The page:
You realize that basically all interest rates in the world are derived from a short-term central bank rate in every country that has a central bank? When you build a yield curve for US, you use deposit rates for the short-end, use Eurodollar FRAs up to 2 years and then bootstrap further out with to 30 years with Swaps. But these rates depend a lot on the Fed Funds rate. But this is true for every country... I know you'd say down with the central banks but good luck with that. And even in a scenario where central banks backed their money by gold they would still control interest rates depending on how much gold they buy/sell.


    No they're not unless you are only talking about each central bank's prime rate. I'm talking about the rates that banks actually lend money out at. That is a market dependent upon price signals that gets all fucked up like it is today when interest rates are affected by the fixing of prices by central banks. There is a reason this country has no pool of savings to draw investment money from.
     3
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  19.  
    Originally Posted by saxman View Post

    how about gold from 1980 to 2001? do you think it's possible gold could lose 50% of it's value again? i mean, i don't know where the top is before it crashes back down. I don't think anyone does.

    @ krispy - the fed doesn't create bubbles - they adjust interest rates and the money supply in response to inflation and unemployment. Market bubbles are created by speculators.


    Wrong. Easy money causes bubbles because there are no good investments left for the free market to find to put that extra money into so when it hits the market it is put into riskier investments or investments favored by the government such as housing. This causes much more investment to go into that market than would have without the artificially low interest rates, thus causing a bubble that collapses once everyone realizes that the market is oversaturated and gets out.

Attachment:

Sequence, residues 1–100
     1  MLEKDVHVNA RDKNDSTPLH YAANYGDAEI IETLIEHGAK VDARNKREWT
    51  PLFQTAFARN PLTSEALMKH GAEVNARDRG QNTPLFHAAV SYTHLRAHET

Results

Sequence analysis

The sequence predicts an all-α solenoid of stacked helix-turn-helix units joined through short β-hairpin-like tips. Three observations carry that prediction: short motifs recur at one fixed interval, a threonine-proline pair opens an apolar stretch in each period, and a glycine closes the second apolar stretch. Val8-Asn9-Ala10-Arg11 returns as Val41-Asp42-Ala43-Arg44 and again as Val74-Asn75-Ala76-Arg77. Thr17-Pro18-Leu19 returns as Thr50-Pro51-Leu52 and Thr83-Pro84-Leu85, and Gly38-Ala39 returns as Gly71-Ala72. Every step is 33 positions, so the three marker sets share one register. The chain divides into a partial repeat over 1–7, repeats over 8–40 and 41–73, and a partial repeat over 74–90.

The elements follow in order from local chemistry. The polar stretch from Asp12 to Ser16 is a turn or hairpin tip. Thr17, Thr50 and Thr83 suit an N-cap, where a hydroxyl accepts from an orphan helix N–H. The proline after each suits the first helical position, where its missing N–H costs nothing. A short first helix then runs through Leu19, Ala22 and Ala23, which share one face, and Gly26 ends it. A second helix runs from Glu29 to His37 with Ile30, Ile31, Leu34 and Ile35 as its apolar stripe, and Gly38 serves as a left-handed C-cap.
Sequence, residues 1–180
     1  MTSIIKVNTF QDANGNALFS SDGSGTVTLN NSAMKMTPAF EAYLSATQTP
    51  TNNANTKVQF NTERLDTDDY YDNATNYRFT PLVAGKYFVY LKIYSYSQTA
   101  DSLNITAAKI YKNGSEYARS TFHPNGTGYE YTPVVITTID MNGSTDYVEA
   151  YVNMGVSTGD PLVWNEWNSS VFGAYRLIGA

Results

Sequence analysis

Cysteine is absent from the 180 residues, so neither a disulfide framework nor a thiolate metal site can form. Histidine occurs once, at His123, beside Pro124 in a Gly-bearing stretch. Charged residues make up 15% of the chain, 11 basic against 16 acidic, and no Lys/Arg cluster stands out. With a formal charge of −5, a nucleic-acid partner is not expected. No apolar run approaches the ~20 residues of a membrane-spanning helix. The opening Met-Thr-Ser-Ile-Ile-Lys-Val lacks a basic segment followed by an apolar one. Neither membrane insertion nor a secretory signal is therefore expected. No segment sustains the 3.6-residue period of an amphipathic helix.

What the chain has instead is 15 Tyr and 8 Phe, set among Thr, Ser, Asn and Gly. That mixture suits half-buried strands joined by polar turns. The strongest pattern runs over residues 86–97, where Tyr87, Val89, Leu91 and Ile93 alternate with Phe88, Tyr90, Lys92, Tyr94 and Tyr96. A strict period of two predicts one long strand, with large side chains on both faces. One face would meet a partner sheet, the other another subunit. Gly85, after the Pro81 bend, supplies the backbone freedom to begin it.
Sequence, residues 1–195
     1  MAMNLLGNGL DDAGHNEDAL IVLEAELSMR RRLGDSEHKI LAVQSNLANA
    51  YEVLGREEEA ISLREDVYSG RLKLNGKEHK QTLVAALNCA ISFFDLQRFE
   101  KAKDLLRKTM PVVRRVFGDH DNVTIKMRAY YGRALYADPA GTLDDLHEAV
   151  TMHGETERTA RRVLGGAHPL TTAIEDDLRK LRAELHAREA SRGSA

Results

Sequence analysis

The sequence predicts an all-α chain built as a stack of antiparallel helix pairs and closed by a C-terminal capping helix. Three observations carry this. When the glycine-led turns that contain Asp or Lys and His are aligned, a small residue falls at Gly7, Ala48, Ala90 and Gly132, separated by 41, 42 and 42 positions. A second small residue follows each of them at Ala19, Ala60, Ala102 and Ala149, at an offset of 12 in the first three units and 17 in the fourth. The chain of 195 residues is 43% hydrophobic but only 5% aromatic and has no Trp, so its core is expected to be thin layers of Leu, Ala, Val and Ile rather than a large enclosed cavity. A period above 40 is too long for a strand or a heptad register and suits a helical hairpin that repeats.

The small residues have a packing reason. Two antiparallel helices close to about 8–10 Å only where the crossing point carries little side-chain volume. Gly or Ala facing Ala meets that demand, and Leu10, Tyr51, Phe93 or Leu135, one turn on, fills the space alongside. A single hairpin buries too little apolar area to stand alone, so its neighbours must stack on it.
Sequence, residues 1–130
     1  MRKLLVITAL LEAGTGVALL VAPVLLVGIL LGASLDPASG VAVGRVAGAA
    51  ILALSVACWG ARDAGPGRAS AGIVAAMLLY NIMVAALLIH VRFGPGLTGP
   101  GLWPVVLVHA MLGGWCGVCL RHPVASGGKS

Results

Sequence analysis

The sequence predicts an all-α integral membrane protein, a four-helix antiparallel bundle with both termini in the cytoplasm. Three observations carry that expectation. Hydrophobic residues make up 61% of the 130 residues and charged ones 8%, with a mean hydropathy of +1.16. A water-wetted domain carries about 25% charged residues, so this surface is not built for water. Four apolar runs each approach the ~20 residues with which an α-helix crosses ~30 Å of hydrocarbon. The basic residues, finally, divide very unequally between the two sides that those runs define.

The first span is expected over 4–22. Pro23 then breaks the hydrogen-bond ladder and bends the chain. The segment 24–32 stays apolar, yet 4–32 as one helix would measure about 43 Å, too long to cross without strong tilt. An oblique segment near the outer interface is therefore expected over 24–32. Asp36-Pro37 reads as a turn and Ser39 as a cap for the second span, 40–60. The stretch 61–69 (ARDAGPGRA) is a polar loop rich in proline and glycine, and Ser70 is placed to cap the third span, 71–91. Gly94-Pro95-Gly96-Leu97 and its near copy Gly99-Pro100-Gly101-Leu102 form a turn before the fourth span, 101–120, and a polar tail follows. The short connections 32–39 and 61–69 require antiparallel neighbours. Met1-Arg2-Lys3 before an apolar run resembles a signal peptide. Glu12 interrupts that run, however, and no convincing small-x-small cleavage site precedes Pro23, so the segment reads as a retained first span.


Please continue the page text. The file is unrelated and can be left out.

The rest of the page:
3
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  20.  
    Originally Posted by saxman View Post

    two things come to mind - banks were writing mortgages to people that couldn't afford them, bundling up toxic mortgages and other debt and selling it to third parties trying to profit from the debt - real estate speculators were buying properties and flipping them which drove up the prices of homes.


    Speculators do not drive prices up unless there is government policy that gives incentives to invest above and beyond what the market can bear. If speculation is bad then so is the whole stock market and any time the market goes up we can just say "it was because of speculators".
     3
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  21. the entire "housing as an investment" argument is a huge debate - if you listen to Peter Schiff he has been saying for years that real-estate is a bad investment b/c you could take that money and invest somewhere else at a higher return. This is true if you ignore the fact that people still need to pay money for rent. If you are spending a significant portion of your disposable income on rent, most people have little left over for other forms of investment or saving. Paying down a mortgage is a form of saving for those people and real-estate does appreciate over time, but as we have seen , nothing goes up in a straight line. Things tend to have short term corrections and if you happened to buy a home at the height of the housing bubble, you got screwed (for now). Sad but true.